In 2008, research teams at Duke and Harvard surveyed 652 U.S.-born chief executives and heads of product engineering at 502 technology companies. They learned that, although a degree made a big difference in the success of an entrepreneur, the field it was in and the school that it was from were not significant. YouTube chief executive Susan Wojcicki, for instance, majored in history and literature; Slack founder Stewart Butterfield in English; Airbnb founder Brian Chesky in the fine arts. And, in China, Alibaba chief executive Jack Ma has a bachelor’s in English.
The key to good design is a combination of empathy and knowledge of the arts and humanities. Musicians and artists inherently have the greatest sense of creativity. You can teach artists how to use software and graphics tools; turning engineers into artists is anther story.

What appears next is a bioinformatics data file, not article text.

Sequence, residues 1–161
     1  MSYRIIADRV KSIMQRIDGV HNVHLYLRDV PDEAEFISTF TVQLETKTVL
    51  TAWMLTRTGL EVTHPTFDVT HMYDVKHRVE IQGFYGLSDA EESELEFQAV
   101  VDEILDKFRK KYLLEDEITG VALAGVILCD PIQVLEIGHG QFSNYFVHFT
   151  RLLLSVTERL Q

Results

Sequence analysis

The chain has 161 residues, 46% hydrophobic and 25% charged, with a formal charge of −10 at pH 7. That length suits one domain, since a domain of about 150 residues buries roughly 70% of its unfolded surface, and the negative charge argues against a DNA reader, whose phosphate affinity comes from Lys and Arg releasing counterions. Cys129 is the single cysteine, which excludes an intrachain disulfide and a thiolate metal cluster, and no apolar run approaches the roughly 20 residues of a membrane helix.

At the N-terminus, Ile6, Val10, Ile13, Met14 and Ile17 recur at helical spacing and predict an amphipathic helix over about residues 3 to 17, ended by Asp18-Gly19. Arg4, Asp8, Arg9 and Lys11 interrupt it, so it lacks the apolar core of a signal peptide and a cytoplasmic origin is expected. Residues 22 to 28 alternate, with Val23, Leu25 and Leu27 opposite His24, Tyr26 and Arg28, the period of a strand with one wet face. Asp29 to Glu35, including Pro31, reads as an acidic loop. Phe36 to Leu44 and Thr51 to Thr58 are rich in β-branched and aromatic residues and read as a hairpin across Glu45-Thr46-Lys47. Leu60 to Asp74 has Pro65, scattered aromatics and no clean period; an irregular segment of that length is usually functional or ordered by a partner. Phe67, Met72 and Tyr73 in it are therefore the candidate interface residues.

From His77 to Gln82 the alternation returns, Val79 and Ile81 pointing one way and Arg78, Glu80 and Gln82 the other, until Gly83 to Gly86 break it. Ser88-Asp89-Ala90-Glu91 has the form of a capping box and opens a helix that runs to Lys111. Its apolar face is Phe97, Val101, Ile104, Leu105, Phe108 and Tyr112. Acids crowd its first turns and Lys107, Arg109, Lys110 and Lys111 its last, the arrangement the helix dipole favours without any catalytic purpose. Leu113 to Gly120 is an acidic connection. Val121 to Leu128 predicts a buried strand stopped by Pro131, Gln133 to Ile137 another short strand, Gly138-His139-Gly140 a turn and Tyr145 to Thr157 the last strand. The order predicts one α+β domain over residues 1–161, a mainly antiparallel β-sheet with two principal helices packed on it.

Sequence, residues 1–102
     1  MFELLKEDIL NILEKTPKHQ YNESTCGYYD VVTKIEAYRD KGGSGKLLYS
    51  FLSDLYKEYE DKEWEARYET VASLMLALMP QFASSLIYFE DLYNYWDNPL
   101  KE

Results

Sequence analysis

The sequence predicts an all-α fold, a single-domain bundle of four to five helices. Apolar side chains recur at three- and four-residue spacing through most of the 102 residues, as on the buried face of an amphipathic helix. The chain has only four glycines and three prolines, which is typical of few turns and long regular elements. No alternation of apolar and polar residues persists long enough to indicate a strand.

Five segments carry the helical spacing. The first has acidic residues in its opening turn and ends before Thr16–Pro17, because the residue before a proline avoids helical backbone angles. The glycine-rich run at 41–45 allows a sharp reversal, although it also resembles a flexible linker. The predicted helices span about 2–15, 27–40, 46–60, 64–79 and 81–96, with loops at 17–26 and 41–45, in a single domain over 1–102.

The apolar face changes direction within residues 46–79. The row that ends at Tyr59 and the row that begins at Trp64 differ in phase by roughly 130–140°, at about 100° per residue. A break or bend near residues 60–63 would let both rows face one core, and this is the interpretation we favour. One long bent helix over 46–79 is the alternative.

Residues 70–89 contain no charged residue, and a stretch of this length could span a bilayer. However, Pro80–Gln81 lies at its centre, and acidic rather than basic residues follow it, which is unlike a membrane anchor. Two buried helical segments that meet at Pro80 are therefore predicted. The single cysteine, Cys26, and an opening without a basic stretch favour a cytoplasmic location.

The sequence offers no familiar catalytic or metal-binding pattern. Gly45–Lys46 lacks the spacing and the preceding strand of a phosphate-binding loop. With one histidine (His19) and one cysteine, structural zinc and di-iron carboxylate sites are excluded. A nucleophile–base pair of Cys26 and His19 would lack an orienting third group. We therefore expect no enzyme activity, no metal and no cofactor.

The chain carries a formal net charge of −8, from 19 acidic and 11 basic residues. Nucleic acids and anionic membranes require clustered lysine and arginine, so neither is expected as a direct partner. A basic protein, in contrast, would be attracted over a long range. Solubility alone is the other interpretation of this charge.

A technological shift is in progress that will change the rules of innovation. A broad range of technologies are advancing exponentially and converging, making amazing things possible. To create the amazing future that technology is enabling, we need our musicians and artists working hand in hand with our engineers. It isn’t either one or the other; we need both the humanities and engineering.